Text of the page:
Aside from the plentiful food options Cork is also home to the two hundred plus year old Jameson Distillery which is located in the eastern part of the town and an extremely popular place to visit. Gee – I wonder why?
Cairin’s Favorite Places: Cairin didn’t want to leave our chat until she let us in on some of her favorite places to see and we are so incredibly grateful to her for doing so!
Accommodations: Ireland is home to a lot of boutique hotels which are owned by local hosts who are willing to be your guide and tell you their secrets. And they are genuinely interested in meeting and talking to you too.
Miscellaneous: So Cairin was also kind enough to give us some time frames to keep your travel to Ireland in perspective. If you want to see both the North and the South regions of Ireland as well as the entire Wild Atlantic Way and Dublin – you need at least ten days. If you are ok with only seeing some of the Wild Atlantic Way and want to see Dublin too – you can do that in about seven or eight days. Side Note: If you want to leave Dublin entirely out, you can substitute something else in its place – perhaps a boat trip to Skellig Michael or the Aaron Islands.
Updated COVID-19 Information: As of this writing travel the CDC recommends travelers avoid all nonessential international travel to Ireland.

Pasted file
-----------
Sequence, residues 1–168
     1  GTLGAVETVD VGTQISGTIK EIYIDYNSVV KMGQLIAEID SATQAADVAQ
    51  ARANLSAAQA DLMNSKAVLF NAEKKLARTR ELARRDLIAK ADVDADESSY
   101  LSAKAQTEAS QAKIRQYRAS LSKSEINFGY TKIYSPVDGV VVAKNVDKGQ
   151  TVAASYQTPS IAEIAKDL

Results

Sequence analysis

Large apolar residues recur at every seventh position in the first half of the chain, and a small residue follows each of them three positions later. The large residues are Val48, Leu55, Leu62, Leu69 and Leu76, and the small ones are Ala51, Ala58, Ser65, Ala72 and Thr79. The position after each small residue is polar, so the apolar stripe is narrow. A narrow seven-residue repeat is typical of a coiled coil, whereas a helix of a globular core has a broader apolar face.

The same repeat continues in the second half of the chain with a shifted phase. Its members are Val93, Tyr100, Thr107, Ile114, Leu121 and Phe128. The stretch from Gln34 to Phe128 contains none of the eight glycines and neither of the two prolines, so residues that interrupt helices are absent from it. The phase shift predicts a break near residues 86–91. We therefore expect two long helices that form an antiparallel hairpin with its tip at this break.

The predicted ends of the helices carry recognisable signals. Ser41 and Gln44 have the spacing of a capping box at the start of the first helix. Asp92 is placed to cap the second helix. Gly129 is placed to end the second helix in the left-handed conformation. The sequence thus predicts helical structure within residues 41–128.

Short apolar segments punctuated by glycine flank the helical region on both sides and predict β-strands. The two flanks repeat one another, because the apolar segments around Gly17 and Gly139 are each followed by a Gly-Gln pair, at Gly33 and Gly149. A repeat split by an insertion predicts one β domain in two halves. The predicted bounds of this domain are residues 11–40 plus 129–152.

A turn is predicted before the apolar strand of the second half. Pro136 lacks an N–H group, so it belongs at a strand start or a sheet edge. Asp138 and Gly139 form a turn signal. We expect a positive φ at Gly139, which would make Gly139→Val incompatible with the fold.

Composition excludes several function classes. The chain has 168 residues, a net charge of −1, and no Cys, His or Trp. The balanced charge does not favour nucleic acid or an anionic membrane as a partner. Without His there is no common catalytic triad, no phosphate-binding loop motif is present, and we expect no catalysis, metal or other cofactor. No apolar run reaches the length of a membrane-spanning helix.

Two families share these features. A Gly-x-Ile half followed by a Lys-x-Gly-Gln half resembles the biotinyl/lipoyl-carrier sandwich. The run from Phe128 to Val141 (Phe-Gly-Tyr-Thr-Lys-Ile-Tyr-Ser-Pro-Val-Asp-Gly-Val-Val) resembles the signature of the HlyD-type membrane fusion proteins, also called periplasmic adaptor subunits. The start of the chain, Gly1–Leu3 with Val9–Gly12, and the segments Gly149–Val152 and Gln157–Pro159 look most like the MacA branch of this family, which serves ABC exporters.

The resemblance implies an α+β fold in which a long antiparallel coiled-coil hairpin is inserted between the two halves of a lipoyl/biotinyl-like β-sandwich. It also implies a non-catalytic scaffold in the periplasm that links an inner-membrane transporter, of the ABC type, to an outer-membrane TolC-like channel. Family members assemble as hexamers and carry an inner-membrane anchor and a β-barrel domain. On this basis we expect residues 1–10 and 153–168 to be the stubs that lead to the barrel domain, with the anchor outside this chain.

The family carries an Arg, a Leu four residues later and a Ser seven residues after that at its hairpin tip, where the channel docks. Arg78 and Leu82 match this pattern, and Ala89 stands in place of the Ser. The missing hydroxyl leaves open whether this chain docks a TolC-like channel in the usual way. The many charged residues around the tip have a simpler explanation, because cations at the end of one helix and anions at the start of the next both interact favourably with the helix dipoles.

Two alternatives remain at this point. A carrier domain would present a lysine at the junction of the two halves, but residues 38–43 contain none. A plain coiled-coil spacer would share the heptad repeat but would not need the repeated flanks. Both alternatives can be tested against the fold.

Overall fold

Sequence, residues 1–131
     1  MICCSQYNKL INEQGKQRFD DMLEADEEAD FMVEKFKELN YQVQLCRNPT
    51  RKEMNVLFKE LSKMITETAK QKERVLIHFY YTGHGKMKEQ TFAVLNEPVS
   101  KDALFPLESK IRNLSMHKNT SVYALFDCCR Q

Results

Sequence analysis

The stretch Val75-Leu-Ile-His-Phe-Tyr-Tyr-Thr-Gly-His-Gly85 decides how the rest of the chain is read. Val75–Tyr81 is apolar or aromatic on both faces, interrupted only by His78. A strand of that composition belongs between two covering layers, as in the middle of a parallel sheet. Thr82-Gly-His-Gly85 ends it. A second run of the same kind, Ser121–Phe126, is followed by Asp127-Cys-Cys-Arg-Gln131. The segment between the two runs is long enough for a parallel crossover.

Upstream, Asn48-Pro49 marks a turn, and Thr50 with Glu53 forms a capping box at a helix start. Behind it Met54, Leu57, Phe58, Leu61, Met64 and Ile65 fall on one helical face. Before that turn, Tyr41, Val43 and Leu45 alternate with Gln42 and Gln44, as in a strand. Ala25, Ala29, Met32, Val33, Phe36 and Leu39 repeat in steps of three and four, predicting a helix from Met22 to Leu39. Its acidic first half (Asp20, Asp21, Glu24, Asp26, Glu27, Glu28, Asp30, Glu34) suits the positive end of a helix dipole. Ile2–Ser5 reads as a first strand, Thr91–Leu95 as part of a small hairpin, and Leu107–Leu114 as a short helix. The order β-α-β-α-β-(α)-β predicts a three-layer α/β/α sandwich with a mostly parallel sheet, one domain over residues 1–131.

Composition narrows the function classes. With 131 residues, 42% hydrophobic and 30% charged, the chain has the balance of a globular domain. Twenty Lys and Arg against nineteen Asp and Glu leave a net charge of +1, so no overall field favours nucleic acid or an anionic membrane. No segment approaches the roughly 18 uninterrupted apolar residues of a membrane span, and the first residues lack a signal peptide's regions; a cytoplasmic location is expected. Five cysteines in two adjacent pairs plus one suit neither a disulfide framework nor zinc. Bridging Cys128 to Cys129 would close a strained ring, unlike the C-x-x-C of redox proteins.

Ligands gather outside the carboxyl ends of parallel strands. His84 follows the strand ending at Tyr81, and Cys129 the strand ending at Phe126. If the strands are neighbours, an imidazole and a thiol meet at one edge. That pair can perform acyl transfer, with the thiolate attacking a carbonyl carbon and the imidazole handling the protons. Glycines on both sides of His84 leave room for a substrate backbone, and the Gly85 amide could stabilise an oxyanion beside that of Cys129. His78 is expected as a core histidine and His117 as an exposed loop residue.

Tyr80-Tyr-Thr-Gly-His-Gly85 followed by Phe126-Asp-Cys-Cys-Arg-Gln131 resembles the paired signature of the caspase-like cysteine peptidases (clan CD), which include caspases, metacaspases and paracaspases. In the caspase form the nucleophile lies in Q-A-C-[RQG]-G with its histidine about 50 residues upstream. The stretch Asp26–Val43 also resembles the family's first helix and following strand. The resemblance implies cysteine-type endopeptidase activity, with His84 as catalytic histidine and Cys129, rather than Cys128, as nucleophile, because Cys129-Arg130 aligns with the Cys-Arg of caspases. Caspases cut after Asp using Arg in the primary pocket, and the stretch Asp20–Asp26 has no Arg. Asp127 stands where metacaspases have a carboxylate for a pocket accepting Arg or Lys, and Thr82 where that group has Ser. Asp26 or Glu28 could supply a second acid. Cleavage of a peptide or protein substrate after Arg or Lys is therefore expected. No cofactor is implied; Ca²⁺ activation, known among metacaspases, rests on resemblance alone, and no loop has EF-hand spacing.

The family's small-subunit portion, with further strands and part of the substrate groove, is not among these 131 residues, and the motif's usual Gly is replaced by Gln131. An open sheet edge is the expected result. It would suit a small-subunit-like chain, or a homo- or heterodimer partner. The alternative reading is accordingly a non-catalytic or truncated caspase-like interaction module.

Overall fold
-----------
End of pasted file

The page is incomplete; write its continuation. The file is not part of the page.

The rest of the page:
For the CDC’s most up to date information on COVID-19 in Ireland click here. And for the most up to date entry requirements for Ireland click here.
And that me lasses and lassies completes our tour of Ireland. And remember – with Cairin as my contact together we can curate an itinerary based on what YOU want to see and make it an amazing trip that you will never forget. And Cairin reminded us that they have a fabulous tourism board in Ireland that is gearing up for 2021 travel so contact me to get your itinerary started today!
For more details on things to see and do in Ireland, where to stay, it’s price points and more - contact your Travel Guru! Oh, and if you need a payment plan to fund your travel adventure – we got those too!
During the shutdown of Covid19, Loulu Lima began interviewing many tourism boards, destination management companies and suppliers whom BHGH works with in the curation of your itineraries.
Here you will find the videos as well as written summary of each. Summaries are transcribed by Carole A. Peck.
Video post production managed by MotionDash.Media